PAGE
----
The following night was, simply put, the best Trovatore I have ever seen and one of my greatest nights at the opera. Although it had some of the idiosyncrasies of the last SFO production (no anvils in the anvil chorus), it fortunately had much more color and much more of the energetic movement of soldiers and gypsies that accompany the thrill of Di quella pira and complement the soaring and mournful Act IV scena.

It has been said that Trovatore is an easy opera to perform: all you need are four great voices—and that was happily the case here. Ever constant Dolora Zajick was the vengeful gypsy Azucena, of course (would she allow anyone else to sing the part?), and Roberto Frontali was a very accomplished and menacing Count di Luna. The tenor was Franco Farina, who had the notes and the swagger to portray a very memorable Manrico.

But the night undoubtedly belonged to American soprano Sondra Radvanovsky as the neurotic Leonora. It was a stunning performance, and if you don't believe me, go to her website and read some reviews.

Not only is she making a name for herself as a Verdi soprano at the Met (Luisa Miller and an upcoming, not-to-be-missed I Vespri Siciliani), San Diego (Don Carlo), and in Europe, but she is one of those increasingly rare sopranos with an unmistakable timbre to their voice; in this case, something along the lines of Magda Olivero singing Verdi or a more dramatic and interesting Angela Ghiorghiou.

I have had the privilege of seeing a handful of definitive and revelatory performances over the past 22 years (Gwyneth Jones' Elektra and Brünnhilde, Catherine Malfitano's Madama Butterfly, Shirley Verrett's Lady Macbeth, and Olga Borodina's Dalila come to mind), and this performance ranked up there with them all.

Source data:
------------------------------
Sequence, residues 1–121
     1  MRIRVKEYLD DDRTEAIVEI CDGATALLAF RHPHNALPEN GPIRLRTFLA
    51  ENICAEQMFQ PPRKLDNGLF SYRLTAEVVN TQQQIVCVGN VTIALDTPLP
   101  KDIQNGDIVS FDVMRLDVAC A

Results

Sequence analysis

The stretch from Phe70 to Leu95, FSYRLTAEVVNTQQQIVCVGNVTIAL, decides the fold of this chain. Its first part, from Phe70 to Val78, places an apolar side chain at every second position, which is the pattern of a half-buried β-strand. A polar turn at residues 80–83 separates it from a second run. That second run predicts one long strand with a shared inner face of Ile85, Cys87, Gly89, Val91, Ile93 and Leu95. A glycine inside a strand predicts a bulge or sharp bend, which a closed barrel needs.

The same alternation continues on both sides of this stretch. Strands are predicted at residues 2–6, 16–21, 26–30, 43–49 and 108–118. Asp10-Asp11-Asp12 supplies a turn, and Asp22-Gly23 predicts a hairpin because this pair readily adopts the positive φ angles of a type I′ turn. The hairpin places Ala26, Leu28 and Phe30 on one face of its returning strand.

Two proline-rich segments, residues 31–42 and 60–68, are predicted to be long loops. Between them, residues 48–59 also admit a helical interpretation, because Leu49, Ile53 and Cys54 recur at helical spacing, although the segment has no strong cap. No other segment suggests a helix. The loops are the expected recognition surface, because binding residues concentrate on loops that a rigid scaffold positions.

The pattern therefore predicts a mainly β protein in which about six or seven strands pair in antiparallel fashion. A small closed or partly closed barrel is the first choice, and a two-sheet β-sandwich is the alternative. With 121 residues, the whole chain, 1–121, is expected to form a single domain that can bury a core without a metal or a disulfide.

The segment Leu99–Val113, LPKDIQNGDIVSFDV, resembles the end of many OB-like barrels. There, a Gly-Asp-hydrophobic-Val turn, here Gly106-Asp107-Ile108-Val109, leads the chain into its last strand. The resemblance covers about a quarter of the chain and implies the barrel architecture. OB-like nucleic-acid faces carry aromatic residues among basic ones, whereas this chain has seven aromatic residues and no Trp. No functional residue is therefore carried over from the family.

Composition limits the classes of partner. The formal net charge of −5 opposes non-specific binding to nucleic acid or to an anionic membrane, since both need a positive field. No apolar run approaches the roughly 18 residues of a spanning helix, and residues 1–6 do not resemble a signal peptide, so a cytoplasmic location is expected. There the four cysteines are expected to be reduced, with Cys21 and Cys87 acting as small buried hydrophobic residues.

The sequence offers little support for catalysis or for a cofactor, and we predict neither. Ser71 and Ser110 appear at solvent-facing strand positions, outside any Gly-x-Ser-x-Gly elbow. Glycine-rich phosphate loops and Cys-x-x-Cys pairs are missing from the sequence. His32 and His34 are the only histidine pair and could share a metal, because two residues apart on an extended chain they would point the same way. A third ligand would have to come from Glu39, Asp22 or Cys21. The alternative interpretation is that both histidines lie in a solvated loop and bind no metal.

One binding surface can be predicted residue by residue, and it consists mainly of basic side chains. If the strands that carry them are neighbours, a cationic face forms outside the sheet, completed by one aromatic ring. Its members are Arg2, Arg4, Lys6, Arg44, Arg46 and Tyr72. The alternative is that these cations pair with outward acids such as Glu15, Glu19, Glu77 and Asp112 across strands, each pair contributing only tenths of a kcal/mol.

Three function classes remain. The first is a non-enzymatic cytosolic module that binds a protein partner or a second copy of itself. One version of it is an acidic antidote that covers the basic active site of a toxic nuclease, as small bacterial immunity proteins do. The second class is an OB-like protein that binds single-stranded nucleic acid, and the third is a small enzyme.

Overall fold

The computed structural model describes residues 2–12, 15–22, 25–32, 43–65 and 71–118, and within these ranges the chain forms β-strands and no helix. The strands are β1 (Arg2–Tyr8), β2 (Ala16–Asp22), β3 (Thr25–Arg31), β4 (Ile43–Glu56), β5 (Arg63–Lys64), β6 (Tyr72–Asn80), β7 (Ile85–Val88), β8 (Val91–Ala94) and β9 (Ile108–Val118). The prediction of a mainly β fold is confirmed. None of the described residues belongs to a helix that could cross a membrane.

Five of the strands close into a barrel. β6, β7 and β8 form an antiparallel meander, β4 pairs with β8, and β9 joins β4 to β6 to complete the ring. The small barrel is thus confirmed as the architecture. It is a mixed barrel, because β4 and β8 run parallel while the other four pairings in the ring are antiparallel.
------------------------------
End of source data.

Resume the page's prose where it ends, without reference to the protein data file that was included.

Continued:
Ms. Radvanovsky played Leonora as a crazy, deranged woman, instead of the sad victim we often see. She fetishized Manrico's sword and distractedly cut herself with it; she had to be led away by her companion Inez, and had a jumpy nervousness throughout. Her look was wild-eyed and disturbing, hair coming undone, and it makes perfect sense that this woman, who so willingly swallows poison on the faint delusional promise of saving her lover, would not be totally of sound mind! Her exquisite D'amor sull'ali rosee was ethereal and really did seem to float on rosy wings. The subsequent plummet to the chant of the Miserere gave us an insight into the despair of an unhinged woman. Let me please, one day, see her Sleepwalking scene…

This production was unusually interesting in that it performed the rarely heard 1857 revision for the Paris Opéra (albeit still sung in Italian). This included part of the original, and entertaining, ballet music, which was performed as a dark scene of the torment and rape of three gypsy women, segueing from the Anvil scene. They also used the Paris ending, which incorporates some of the Miserere music into the chilling climax and gives us a more believable stretch of time for Manrico to be taken offstage and executed. There was an overall powerful sense of movement to this production, particularly during the Act I quartet, and a gorgeous palette of rich, earthy colors offsetting the characteristic black shadows and silhouettes.

Trovatore is often held up as one of the more preposterous operas, but this Los Angeles production showed us a truly emotionally unsettling piece that carried with it the dramatic truth that makes great opera. Fabulous!